My Skype student lives in Hawaii. I live in New York City, but no matter. She said that she wanted to get back to basics... teach her some scales that would support her goal... to become free to improvise.
At first I was stumped. We can’t play together because of the slight delay, the latency in the signal. Soon after, I was taken by some amazing guitar playing I heard on the tube. Piedmont finger style boogie woogie guitar rags played with simplicity and authority.
So I ripped the track, tuned it down a bit and slowed the tempo way way down. Now my C/G Anglo student from Hawaii can jam with just a few looped bars in the amazing bluesy key of D7. All at a lazy trot with plenty of empty space to fill in with her attempts at improvisation. No chord progressions, just this slow and sure jumping beat in D. An eight bar slow grind loop that lasts as long as you want. As loops do.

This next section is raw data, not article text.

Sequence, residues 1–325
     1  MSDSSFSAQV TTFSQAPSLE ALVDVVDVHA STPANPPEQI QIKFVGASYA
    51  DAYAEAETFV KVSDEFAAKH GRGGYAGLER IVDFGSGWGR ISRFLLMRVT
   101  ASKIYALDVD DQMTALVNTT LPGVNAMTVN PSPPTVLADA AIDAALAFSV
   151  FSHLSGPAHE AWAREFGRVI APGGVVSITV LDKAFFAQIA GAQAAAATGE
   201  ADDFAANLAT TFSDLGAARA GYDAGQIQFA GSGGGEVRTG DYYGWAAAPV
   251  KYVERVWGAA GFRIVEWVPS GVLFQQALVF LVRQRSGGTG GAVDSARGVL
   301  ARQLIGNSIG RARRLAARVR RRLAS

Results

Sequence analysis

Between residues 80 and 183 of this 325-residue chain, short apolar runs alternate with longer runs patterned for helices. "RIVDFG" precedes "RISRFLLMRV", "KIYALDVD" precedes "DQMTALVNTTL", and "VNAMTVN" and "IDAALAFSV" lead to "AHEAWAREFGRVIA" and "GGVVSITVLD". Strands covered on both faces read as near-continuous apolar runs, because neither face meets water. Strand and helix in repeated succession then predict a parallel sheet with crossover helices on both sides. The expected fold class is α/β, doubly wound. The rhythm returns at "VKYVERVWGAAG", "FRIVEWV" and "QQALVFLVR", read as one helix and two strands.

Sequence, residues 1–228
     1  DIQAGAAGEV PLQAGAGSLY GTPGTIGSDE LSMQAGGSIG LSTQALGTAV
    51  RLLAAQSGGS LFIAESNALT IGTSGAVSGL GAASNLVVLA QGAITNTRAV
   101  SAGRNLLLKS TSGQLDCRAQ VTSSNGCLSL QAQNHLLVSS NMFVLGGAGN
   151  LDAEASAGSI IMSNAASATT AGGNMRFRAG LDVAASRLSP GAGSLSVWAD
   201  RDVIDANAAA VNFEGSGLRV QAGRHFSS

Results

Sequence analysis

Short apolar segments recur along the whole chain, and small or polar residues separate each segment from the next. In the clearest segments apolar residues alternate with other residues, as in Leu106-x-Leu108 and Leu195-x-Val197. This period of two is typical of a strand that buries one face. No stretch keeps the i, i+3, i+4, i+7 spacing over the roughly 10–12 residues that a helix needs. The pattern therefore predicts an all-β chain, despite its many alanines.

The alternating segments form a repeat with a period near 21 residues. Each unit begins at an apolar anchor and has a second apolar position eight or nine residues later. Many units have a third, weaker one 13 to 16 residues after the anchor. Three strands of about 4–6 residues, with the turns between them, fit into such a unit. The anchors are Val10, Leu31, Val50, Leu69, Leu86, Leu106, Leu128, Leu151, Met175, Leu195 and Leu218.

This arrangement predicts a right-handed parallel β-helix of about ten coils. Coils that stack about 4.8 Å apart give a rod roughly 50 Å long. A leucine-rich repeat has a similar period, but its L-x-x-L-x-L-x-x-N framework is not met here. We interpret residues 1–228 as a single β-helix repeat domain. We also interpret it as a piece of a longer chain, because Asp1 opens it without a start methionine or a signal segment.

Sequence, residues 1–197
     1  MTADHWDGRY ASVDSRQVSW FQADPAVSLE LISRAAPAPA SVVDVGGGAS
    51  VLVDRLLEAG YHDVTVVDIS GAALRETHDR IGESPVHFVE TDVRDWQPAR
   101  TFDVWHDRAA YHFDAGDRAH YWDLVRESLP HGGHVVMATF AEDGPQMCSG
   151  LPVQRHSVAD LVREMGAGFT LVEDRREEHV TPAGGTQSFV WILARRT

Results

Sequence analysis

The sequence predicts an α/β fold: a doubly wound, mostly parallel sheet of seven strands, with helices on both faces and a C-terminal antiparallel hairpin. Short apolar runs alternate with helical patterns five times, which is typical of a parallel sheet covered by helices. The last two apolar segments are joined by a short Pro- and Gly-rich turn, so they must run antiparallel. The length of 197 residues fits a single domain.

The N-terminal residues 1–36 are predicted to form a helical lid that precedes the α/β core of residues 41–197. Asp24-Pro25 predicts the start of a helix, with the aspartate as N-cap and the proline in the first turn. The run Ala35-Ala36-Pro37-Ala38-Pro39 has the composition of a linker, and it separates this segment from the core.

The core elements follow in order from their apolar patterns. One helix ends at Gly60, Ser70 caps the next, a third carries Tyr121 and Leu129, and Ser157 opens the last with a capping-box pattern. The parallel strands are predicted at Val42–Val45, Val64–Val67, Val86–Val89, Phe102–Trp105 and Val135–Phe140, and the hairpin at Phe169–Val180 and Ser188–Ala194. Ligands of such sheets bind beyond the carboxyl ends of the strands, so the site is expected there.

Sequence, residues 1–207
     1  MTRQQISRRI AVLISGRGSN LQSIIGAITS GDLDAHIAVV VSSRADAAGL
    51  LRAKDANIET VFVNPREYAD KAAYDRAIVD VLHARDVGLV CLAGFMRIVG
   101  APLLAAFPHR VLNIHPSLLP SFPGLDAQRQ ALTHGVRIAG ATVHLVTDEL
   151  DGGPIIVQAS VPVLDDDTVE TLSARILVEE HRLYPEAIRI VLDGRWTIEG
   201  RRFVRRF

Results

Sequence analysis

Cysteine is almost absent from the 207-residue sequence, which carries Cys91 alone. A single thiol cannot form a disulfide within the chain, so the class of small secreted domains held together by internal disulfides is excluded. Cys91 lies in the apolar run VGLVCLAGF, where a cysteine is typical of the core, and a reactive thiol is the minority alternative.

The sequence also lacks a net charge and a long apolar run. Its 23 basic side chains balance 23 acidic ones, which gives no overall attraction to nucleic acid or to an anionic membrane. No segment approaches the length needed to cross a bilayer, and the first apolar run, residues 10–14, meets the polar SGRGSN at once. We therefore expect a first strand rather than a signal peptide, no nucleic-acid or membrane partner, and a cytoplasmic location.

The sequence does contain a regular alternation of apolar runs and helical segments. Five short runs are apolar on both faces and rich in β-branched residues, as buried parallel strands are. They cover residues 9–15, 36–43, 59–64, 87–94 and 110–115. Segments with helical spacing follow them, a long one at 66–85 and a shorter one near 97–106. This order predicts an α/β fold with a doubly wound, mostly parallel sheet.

She got the audio file and some tab and dots to show her how to get the groove, find her notes and start to jam “in the harmonic style.”
While I’m waiting to hear back from her to see how it’s going with the lesson, I can’t stop jamming to that loop.
It is so much fun. Now I want to go looking for other classic ragtime guitar players who might be playing something juicy in a key near D7. Chop out a hunk of it, slow it down to make another loop and learn more about another concept of time.
I hope my student finds it as inspiring as I have. But anyone can do this with free or inexpensive computer apps. Find an admirable few measures in some clean and simple example of the music with the groove you like. Make it be in a good key for you, slow it way down, loop a short selection that has the groove and play along. It's like a heavenly click track filled with human intention instead of mechanical rigidity. Repetitive listening to a slowed down loop is like putting a specimen under a microscope. The details come into focus and the artistry of time is revealed.
Edited by Jody Kruskal, 17 February 2017 - 12:36 AM.